A while ago, Justin and I received an email from Dr Tony Young who recently wrote for LXer about his experiences moving from KDE 3.5 to a Plasma Desktop and our Platform 4 apps. If you want to understand some of the frustrations people have experienced in making the switch, then those articles are well worth a read.
However, Tony’s email was prompted by a discussion on LXer about why KDE does not listen to its users (that was the point of view of many of the people making comments, you can make your own judgement about whether or not that is a fair criticism). On the suggestion of an LXer reader, Tony brought his concerns to us. We in turn discussed them with some members of KDE’s marketing team and Tony and I had an exchange of emails, now published by LXer.
What is KDE?
Now, Tony is an experienced user of free software as well as a scientist and – from his emails – clearly an intelligent and inquisitive man. So it was a real surprise to me that he and other LXer readers were so ignorant about how KDE works. I do not mean ‘ignorant’ in any kind of offensive sense here, merely that both Tony and the other LXer readers really did not seem to understand how KDE operates or who we are. Here are a few questions (paraphrased) that really took my by surprise:
- Who controls KDE?
- Who funds KDE?
- Can we contact KDE?
These show a few things to me. First, some (many?) people think of us as having a hierarchy like a company, as if we have a leader or set of leaders who tell everyone else what to do. Maybe these are the people who pay us and if it is possible to get in contact with those leaders then they might be persuaded to redirect the efforts of all the code monkeys.
Of course, KDE is not like that. We don’t have leaders. We have prominent community members, but they tend to operate within their own areas of expertise. I would not tell Aaron how to develop Plasma, or Frank how to design ownCloud and neither would they tell me how to set the editorial direction of the Dot. Even within teams, those who do the work tend to decide or a consensus is reached. If you wanted to change our software significantly then you would have to contact key people in every team and convince them of your vision. Then, when some of them got busy and new contributors came in, you would have to contact them and convince them too.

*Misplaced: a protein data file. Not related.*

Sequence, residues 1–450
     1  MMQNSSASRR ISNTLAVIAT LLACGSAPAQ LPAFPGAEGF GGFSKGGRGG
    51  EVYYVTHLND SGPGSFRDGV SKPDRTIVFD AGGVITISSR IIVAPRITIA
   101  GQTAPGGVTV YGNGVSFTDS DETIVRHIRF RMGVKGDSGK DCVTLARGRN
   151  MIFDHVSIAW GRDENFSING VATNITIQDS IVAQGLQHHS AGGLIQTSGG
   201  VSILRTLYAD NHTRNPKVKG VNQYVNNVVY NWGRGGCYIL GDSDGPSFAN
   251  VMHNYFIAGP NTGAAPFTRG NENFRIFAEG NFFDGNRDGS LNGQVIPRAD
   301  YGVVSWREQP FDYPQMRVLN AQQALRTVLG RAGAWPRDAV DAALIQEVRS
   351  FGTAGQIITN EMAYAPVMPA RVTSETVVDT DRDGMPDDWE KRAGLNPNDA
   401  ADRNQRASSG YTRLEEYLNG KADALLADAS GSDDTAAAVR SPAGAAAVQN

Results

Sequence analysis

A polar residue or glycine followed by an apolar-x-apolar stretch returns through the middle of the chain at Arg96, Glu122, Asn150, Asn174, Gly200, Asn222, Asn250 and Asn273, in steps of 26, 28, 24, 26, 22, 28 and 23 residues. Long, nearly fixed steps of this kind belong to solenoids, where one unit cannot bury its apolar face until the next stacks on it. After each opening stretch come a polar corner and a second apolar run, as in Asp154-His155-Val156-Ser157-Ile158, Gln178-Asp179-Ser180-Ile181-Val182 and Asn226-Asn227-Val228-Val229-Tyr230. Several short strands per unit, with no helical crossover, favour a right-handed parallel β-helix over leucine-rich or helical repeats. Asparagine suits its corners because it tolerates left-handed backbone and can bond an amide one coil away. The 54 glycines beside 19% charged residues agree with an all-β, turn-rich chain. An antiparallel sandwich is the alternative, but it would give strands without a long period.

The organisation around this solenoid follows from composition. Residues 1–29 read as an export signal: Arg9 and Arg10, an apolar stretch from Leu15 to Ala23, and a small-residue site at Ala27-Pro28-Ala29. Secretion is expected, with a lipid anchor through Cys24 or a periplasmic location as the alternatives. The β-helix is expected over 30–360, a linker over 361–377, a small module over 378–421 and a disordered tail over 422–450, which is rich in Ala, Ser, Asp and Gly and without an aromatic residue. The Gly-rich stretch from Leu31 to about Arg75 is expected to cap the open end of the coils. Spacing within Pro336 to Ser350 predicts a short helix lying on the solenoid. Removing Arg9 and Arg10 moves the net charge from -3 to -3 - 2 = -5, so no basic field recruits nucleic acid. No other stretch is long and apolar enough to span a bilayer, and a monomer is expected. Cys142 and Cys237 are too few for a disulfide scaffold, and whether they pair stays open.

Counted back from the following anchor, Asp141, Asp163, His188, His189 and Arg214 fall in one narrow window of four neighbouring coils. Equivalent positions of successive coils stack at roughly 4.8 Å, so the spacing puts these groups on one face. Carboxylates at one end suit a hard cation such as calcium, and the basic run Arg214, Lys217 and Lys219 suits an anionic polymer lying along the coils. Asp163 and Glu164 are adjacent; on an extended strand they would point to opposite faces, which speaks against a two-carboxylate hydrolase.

Challenges in talking to ‘KDE’
This of course raises some interesting questions. How do we keep things consistent? Well, to some extent we do not. Our applications can look different and handle things in different ways, but thanks to building everything on the KDE Platform, which provides easy ways of coding common tasks such as open and save dialogues, there is a strong degree of consistency in KDE software.
There’s also the question of who you need to talk to if, as an outsider, you need a particular feature or want to discuss something. Tony came to Justin and I more or less by chance, probably because we are mentioned on the MWG page. He could just have easily have contacted the KDE Promo team, but sometimes people prefer a named contact and keeping discussions small can lead to quicker results and a more personal feel to the communication.
It is probably similar for a company wanting to work with KDE. Say you want to use some of our software in your device, who do you contact? Strictly, you do not need to talk to anyone as long as you respect the free license terms of the software, but talking – particularly if you can identify or offer improvements – is good. Probably our press contacts and the e.V. board are often points of contact in this case. Perhaps we should think about having more – so that for example there is an ‘external contact’ for each large team in KDE.
For people unhappy with Plasma and Platform 4 software in general, the way to influence things is to engage. Turn up in mailing lists and offer assistance. Or even just get stuck in and code things your way – that is how things like Rekonq came about. Write the code and see if people agree with your way of doing things.
Weird is Good
KDE and free software communities in general are quite odd things. Lots of volunteers working mostly on things because they interest them, but still managing to communicate enough to create something that is consistent and better than most of the big budget proprietary competition.
KDE is a frustrating, infuriating, remarkable inspiring mass of individuals that find enough of a common goal and philosophy to unite them to create wonderful things. It shouldn’t work, but time and again, it does.
And, if the current set of KDE software doesn’t work for you, in the worst case you are free to do your own thing.